Nor could the scroll contain the whole,
Though stretched from sky to sky.

Below are thoughts Tyler shared with me about why he rewrote the “Love of God”. 

When I started to rewrite the Love of God I wanted to take a hymn that expresses some of the most weighty and beautiful truths about Gods love that were felt through the instrumentation as well as the singing. The chord progression is a weighty one that feels heavy with a Chorus that lifts to this beautiful release when speaking of how pure and strong and deep His love is. At the time I was personally wrestling through what it means to experience God’s love in this weighty of a way. Romans 8 says, 

“If God is for us, who can be against us? He who did not spare his own Son but gave him up for us all, how will he not also with him graciously give us all things? Who shall bring any charge against God’s elect? It is God who justifies. Who is to condemn? Christ Jesus is the one who died-more than that, who was raised – who is at the right hand of God, who indeed is interceding for us. Who shall separate us from the love of Christ? Shall tribulation, or distress, or persecution, or famine, or nakedness, or danger, or sword? As it is written, ‘For your sake we are being killed all the day long; we are regarded as sheep to be slaughtered’. No in all these things we are more than conquerors through him who loved us. For I am sure that neither death nor life, nor angels nor rulers, nor things present nor things to come, nor powers, nor height nor depth, nor anything else in all creation, will be able to separate us from the love of God in Christ Jesus our Lord.”

As I read these words I desperately wanted to believe the depth of their truth, but often find a great disconnect between my head and my heart. I wanted “The Love of God” to help my soul feel the truth and weight of these words. The bridge is a crying out or an exclamation of God’s inexhaustible and uncontainable love. If we were to fill the ocean with ink and use that ink to write God’s love on the sky we wouldn’t have enough ocean to do so. Nor could we find enough sky to contain the words. This is amazing. This is the Father’s love for us.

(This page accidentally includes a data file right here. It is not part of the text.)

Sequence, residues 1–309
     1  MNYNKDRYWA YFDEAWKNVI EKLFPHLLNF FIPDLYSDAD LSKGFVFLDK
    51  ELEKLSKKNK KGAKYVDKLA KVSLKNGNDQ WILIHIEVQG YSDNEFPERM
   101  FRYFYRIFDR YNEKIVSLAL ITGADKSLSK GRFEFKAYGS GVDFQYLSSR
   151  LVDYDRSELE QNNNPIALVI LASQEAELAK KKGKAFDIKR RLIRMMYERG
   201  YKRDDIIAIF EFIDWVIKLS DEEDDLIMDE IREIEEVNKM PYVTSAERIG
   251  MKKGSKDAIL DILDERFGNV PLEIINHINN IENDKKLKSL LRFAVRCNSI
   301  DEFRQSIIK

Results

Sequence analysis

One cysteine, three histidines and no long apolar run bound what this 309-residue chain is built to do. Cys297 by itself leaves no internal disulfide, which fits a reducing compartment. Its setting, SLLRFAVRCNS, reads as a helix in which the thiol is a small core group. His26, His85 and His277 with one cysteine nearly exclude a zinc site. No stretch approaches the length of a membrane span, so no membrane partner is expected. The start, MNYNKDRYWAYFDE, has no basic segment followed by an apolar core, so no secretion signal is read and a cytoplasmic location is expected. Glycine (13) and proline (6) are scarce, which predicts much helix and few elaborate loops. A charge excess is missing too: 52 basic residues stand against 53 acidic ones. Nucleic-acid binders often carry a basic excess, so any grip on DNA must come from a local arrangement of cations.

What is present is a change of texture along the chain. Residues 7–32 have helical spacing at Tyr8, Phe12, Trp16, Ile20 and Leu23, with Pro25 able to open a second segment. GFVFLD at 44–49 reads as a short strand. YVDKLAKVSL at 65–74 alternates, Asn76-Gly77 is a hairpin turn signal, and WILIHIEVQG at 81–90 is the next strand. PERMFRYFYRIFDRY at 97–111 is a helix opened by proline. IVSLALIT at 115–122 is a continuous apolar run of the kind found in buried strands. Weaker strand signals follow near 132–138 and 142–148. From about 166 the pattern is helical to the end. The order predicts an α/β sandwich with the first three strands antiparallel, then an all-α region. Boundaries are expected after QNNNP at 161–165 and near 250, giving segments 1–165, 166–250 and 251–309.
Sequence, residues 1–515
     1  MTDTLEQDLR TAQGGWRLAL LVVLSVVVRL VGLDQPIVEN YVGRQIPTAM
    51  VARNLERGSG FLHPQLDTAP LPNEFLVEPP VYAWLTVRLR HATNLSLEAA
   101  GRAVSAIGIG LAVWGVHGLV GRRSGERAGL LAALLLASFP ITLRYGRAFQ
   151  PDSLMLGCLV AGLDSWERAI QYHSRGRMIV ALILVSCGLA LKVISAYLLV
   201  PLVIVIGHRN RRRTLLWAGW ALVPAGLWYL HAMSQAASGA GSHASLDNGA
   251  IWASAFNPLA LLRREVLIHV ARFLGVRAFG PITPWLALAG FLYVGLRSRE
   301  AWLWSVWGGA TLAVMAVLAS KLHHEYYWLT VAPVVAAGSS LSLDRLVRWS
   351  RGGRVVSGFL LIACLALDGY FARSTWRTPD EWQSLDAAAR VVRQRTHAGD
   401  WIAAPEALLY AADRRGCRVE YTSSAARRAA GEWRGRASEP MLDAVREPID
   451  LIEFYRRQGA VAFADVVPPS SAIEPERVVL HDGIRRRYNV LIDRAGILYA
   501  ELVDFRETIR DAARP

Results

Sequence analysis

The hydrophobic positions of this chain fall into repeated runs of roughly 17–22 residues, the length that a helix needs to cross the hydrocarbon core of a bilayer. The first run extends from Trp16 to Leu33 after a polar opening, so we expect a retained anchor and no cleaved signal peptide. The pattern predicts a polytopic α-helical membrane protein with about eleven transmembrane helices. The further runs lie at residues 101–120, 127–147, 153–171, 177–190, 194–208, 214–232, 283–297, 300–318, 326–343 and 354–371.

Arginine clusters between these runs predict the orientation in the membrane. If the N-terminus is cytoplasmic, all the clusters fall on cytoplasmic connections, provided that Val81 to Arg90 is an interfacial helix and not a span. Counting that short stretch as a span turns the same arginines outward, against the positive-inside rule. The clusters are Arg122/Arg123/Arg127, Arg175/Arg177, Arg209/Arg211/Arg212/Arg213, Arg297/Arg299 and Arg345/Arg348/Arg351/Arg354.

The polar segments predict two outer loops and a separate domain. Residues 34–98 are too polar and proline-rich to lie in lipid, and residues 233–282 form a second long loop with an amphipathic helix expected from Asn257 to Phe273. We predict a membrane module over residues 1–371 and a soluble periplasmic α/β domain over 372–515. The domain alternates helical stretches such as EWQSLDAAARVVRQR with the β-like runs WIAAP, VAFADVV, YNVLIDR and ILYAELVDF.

Nothing could ever separate us from this love. Nothing. I long for Redeemer to know this deeply, to experience this richly, and to share this love freely with the World. 

The love of God is greater far
Than tongue or pen can ever tell;
It goes beyond the highest star,
It reaches to the lowest hell;

The guilty pair, bowed down with care,
God gave His Son to win;
His erring child He reconciled,
And pardoned from his sin.

Oh, love of God, how rich and pure!
How measureless and strong!
It shall forevermore endure—
From age to age will be our song.

Though time and treasures pass away,
And earthly kings and kingdoms fall,
God’s love so sure, shall still endure,
All measureless and strong;

Could we with ink the ocean fill,
And were the skies of parchment made,
Were every stalk on earth a quill,
And every man a scribe by trade;
To write the love of God above
Would drain the ocean dry;
Nor could the scroll contain the whole,
Though stretched from sky to sky.